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No democracy without bureaucracy ? The role of administrative institutions in democratic consolidation

Research project
Inactive research
Project size
Project period
2012 - 2017
Project owner
Department of Political Science

Short description

Why do some countries suffer more democratic breakdowns than others? In this research project we look at factor in the democratization literature: the state infrastructure or the legacy of the administrative tradition. We argue that democracy will last longer in countries whose state infrastructure has prevented governments from choosing most public employees working for them (i.e. bureaucratic state infrastructure) than in countries whose governments have traditionally been allowed to select most public employees at will (i.e. patronage state infrastructure). The mechanism is as follows: the more people whose professional careers depend directly upon which party wins the elections, the higher the stakes of the ruling party to survive in office – what, in turn, fosters auto-coups or opposition’s preemptive military coups or rebellions.

PURPOSE OF THE PROJECT: Historical and contemporary developments suggest that democratization is not a linear and predictable process. Once a country has become a democracy we cannot take for granted the consolidation of democratic institutions and norms, nor preclude the possibility of a democratic breakdown in the future (Schedler 2001; Ulfelder 2010).

The objective of the proposed project is to examine why some countries manage to consolidate and build stable democracies, where democracy becomes the only game in town (Linz and Stepan 1996:14), while others succumb to a pattern of political instability and subversion of the democratic process.

How can we understand, for example, that some Asian countries (e.g. Korea) with a strong authoritarian tradition today have consolidated liberal democracies much more stable than those in some Latin American countries (e.g. Bolivia) with almost two centuries of democratic tradition?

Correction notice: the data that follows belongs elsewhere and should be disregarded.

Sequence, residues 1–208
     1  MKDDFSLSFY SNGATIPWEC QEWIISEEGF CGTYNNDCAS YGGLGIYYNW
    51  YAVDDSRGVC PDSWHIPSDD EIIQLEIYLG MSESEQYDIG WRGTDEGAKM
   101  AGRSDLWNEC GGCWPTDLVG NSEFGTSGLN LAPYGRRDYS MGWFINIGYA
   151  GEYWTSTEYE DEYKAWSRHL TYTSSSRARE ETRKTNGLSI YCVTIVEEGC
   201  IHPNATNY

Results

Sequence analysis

The proposed project challenges the explanations advanced in the extensive literature on democratic consolidation. To date, research on democratic consolidation has focused heavily on formal and informal political institutions at the input side of the political process: that is, the institutions linking voters’ demands to policy decisions (e.g. which electoral system or which form or government contribute most to consolidation). We find these explanations unsatisfactory. In order to deepen the understanding of democratic consolidation we need to consider factors at the output side of the political system: that is, the design of institutions responsible for the implementation of policy decisions. These institutional arrangements structure the actual distribution and provision of goods and services to a populous, and therefore determine the extent to which citizens’ needs are served with efficiency and impartiality. We hypothesize that institutions at the output side of the political system constitute an important incentive structure not only for public employees and civil servants, but also for citizens’ political actions as well as for politicians. In the proposed project, the institutional structure of output institutions is thus hypothesized to be of crucial importance for whether policy decisions will be implemented in a general and impartial way (Rothstein and Teorell 2008) for all citizens and, as a result, decrease the risk of disruptive and anti-systemic actions against democratic institutions.